Planet Darts By Niall Edworthy

Booze And Bull’s-Eyes – Life On The Professional Darts Circuit

Planet Darts by Niall Edworthy

As appearing in the Planet Darts Website

Niall Edworthy, who has an impressive pedigree as a quality investigative, observational journalist and author, effectively turns his skills to an examination of the professional darts circuit in Planet Darts (Headline Books, £12.99).

Most dart players would rather pick up a set of darts than pick up a book, but Planet Darts is one I recommend you all to spend some time with.

Apart from being the first book on darts to be published in the UK for over a decade (and thus worth reading for that reason alone), Planet Darts serves as a guide book – a revelation in some places – for anyone interested in the current state of the professional game.

It is also a textbook for those wanting to know more about the pro circuit before committing themselves to pursuing the dream of being the one darter to measure up to ‘The Power’

Ostensibly a book about the up and coming Essex-based darts player, Colin Lloyd, Planet Darts is much, much more than that; although the progress or otherwise of Lloyd, provides the all-important thread that holds this fascinating tale together.

In this thoroughly enjoyable book, Niall takes us on a roller-coaster ride that chronicles a year on the circuit – ‘the parallel universe of darts’ – from the euphoria of success and a good pay day to ‘the brutal reality of professional darts’, first round exits and hardly enough prize money to cover expenses.

We are taken to all the major darts events of the circuit, from Blackpool and Vegas to Ireland and the World Grand Prix. We get an insight into the VIP lounges where the stars reveal fascinating insights into their lives, their superstitions and their drinking capacities.

What is striking about Edworthy’s encounters with the sport’s top names is the uncontrollable honesty of most of them. I was also impressed by the classic, honest, homespun darts philosophy, punctuated by four-letter expletives, which provides most of the more light-hearted moments in the book. However, this work also comes as close to anything I’ve ever read on the subject to ‘darts with the lid off.’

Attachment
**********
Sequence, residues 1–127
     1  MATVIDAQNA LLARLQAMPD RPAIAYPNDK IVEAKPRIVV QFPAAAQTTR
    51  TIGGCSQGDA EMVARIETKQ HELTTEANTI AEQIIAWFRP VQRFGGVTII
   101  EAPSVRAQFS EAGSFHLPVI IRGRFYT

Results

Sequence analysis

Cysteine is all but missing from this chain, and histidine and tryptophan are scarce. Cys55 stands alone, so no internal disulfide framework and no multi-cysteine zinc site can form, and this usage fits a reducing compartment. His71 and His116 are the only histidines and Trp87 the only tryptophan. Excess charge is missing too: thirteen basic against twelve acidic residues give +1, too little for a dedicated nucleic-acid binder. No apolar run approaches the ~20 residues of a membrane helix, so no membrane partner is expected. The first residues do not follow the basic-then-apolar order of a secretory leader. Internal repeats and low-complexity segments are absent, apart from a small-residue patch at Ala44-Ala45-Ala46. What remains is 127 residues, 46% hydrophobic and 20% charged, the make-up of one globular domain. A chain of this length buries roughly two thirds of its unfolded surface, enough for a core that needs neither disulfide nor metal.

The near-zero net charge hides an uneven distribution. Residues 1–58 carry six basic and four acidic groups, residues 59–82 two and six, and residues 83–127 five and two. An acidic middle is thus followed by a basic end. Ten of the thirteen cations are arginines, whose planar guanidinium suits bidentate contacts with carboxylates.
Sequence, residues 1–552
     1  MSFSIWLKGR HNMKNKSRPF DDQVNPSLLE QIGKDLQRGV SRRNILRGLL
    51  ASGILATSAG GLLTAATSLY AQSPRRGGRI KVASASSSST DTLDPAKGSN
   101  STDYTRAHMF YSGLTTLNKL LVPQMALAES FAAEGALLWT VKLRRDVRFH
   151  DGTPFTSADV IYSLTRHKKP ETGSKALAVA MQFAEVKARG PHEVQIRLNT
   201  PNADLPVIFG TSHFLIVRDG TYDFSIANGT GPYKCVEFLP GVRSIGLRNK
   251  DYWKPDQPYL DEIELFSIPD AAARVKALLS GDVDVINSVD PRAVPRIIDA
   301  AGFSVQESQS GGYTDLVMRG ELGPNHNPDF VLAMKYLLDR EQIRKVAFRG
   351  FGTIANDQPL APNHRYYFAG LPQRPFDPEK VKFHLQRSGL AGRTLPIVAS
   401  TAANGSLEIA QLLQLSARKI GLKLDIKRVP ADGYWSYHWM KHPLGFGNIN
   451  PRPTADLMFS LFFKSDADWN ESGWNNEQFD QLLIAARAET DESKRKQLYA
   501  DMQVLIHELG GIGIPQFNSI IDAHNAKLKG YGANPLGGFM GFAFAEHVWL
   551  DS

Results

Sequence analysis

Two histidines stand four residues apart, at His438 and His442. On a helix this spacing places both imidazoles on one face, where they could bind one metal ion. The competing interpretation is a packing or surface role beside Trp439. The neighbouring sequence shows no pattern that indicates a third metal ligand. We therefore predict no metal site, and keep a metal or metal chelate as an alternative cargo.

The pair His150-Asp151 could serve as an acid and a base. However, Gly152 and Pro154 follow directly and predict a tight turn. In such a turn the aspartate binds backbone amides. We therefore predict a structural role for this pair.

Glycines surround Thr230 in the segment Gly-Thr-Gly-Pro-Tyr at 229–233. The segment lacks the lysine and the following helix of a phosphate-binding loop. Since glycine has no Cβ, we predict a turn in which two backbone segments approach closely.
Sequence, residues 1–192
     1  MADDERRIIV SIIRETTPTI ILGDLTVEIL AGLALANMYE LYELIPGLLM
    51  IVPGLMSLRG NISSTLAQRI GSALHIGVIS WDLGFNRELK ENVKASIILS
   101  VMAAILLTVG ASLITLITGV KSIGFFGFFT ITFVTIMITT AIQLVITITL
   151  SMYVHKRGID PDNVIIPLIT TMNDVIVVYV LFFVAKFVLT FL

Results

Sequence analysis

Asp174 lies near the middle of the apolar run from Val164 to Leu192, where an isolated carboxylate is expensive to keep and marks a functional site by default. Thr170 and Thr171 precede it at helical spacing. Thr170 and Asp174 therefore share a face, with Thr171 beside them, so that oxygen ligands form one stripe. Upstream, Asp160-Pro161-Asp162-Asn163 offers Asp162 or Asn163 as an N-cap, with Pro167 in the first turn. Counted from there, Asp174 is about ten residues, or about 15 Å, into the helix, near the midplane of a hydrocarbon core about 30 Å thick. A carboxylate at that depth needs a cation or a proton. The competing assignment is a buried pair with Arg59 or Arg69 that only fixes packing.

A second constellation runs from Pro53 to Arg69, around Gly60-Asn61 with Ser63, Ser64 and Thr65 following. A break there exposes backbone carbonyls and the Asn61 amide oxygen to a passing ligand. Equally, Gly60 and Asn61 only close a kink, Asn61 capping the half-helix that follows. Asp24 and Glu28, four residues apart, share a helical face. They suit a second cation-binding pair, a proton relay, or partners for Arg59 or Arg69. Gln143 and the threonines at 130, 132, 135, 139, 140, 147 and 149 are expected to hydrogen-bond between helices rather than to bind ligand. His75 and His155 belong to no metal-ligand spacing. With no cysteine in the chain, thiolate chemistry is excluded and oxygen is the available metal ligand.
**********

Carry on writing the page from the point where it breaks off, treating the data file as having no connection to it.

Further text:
A first round exit in the 2000 Skol World Championships shows Colin Lloyd contemplating giving up darts for good – being beaten by ‘a local nobody’ in Great Yarmouth didn’t help either.

In one particularly tragic-comic moment, Lloydie, having been beaten in the first round of the World Matchplay, is turned away by the ‘cocky custodian’ of a darts game-stall on Blackpool’s pier for failing to hit a high enough score to win a giant toy frog!

Edworthy follows Lloyd around ‘like a dog’ but through the generosity of this ‘aspiring talent’ is given leave to become a welcome part of a close knit circle of players that includes Rod Harrington and Alan Warriner.

Planet Darts effectively captures the solidarity between many of the circuit players that sees them pledging to club together winnings in the Open tournaments, as well as the inevitable personality clashes that come with competing at the highest level.

Lloyd comes across as a worthy if flawed hero and the book leaves us with Colin back on the road and battling hard having struggled in the PDC premier events.

Of course, those of us who watched Sky Sports coverage of this year’s Skol World Championships will know that Lloyd was one of the stars of the show, reaching the semifinals.

It appears that he may have heeded the words of his close circle of friends – advice so often it seems ignored throughout the book and that in itself provides a neat retrospective on what can be achieved by the up-and-coming of the game.

Planet Darts is a revealing behavioral study of darts professionals fighting their way for the few major riches available since the sport fell out of favour with the majority of media moguls. The sport now awaits its next – and undoubted – renaissance.

© 2007 Patrick Chaplin

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